Converting a color photo to a scratchy black and white or sepia in Corel Photopaint!

Why hello there boys and girls, I hope everyone has been behaving themselves seeing as it’s been MONTHS since I’ve been able to sit down and throw together a tutorial for you. I apologize for the huge absence, but as most of you probably know, I have been going through some fairly massive life-changes so things have been a wee bit hectic. BUT I am happy to say that things are calming down and my work routine should be coming back to normal. With that said, here’s a small tutorial I wrote today based on a request from one of my Facebook friends asking about a photo I posted from my recent trip to Cuba.

If you’ve never been to Cuba or seen photos from other friends and whatnot, Cuba is basically frozen in time with LOADS of items such as cars, furniture, tools and much more from the 40s, 50s and 60s. In fact, you will see perhaps 4 cars from the 1950s for each car you see manufactured in the last 10 years or so… needless to say, this is heaven for a classic car lover like me! While walking around one of the markets, my girlfriend snapped a shot of me standing next to a 1955 Chevy and we both noticed that this pic could easily be an original black and white from the 50s. So, I promised her I would make it look like an old photo for our album and I posted it on FB for my friends to check out. Here’s how I did it in about 5 minutes.

Here’s the original photo we’re going to start with:

And here’s what we’re going to end up with at the end of the tutorial:


Before we get too far in to it, I’m going to assume you are now familiar working in Corel Photopaint. If you’re not sure how to use Objects and other basic functions, please check out my older tutorials, which cover the basics in greater detail.

Step 1 – First thing we need to do is create a duplicate layer of the photo… so just do a simple copy/paste and duplicate the layer.

Step 2 – Click on the new object layer and desaturate the layer… you do this by clicking on Adjust > Desaturate. Your photo will now appear in greyscale.

Step 3 – After running the desaturate function, the photo will be stripped of the depth the color gives it, making the photo appear a bit bland and lacking highlights and shadows. We’re going to punch this up a bit by playing with the contrast. In my older tutorials, I used to use the contrast/brightness/intensity function, but I have lately been using the more powerful Image Adjustment Lab, which you can access by clicking on Adjust > Image Adjustment Lab.


Step 4 – The Image Adjustment Lab allows you to controla variety of adjustments you can perform on the photo, including the saturation, overall brightness and contrast, as well as boost highlights, shadows and midtones. First thing I like to do is pump up the contrast, then I adjust the highlights and midtones to a level that appeals to me. You can see the adjustments I made below:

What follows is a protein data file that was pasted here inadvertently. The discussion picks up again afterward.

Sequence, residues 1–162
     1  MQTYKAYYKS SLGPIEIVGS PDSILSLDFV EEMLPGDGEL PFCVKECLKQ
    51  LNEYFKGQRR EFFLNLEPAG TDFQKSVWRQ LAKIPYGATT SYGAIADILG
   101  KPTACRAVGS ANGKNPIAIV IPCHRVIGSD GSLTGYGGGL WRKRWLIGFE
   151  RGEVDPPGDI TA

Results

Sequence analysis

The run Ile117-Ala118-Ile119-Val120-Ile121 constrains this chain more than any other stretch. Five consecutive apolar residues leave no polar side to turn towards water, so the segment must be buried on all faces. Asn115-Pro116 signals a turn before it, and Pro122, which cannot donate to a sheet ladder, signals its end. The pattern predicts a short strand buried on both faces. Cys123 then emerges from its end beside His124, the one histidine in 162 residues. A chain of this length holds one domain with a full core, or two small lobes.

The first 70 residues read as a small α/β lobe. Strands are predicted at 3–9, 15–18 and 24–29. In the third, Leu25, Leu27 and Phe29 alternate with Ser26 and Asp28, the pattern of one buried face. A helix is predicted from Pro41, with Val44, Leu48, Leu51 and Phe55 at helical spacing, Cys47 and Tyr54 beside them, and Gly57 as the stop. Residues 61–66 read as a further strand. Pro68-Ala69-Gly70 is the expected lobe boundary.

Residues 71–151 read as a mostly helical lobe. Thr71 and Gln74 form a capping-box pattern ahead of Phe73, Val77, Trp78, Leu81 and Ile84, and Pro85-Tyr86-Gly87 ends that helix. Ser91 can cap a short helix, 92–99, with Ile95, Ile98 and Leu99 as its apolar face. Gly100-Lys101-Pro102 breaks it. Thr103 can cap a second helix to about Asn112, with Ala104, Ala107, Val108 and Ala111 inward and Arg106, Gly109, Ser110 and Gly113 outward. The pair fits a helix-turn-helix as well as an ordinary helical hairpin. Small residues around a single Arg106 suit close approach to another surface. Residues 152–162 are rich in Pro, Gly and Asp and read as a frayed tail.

Once you’re happy with the look of your photo, click OK to apply the changes and return to the main edito screen.

Step 5 – Before we merge the object layer with the background layer, there’s one more little trick I like to do, and that’s add just a pinch of color to the photo… you want just a little smidge though, something barely noticeable. You do this easily by simply reducing the opacity by a fraction on the main object layer. I dial it down to 92% for the level I like:


At this point, we no longer need to keep the layers seperate, so go ahead and merge them and we’ll move on to the next step.

Step 6 – Time to mess up our photo and give it some age. I quickly did an image search for scratched photo textures and found this beauty by Jeremy Brotherton on his Deviant Art page (click here).  Just paste this right on top of the photo.

Step 7 – After you’ve slapped a texture on top of your photo, set the object layer type to “multiply” and you’ll start to see the magic happening! Of course we’ll need to adjust the texture a bit, so let’s tweak it to where we want it to be…

I want to pump up the highlights of the texture so it doesn’t darken the photo up too much. We can do this easily by pumping the contrast up to the max:

The texture will still be a little too intense, so I tone that down by reducing the opacity to 40% or so. The texture looks good, but it’s not quite scratchy enough for me, so we’ll build that effect up a bit more.

Step 8 – I want more scratches in the photo, so paste another layer of the texture and set that layer to “If Darker” and reduce opacity to 30ish% and the scratches should now look pretty convincing and realistic.

Step 9 – One more step… the photo looks great, but it’s a little too clear for an old photo. We can dirty up slightly by adding a tiny bit of noise. Hit the noise filter by clicking on Effects > Noise > Add Noise.

And we’re done! Here’s our final result straight out of the 50s and ready for your album:

Would you prefer Sepia? Adding a Sepia effect to this end result is one step away, and VERY easy. Just click on Adjust > Color Balance and tweak the yellow and magenta sliders like so:

You can also drop the photo in to a Polaroid template (There are dozens of these available on Deviant Art):

Thanks for reading, please make sure to share this tutorial or comment using the tools below!

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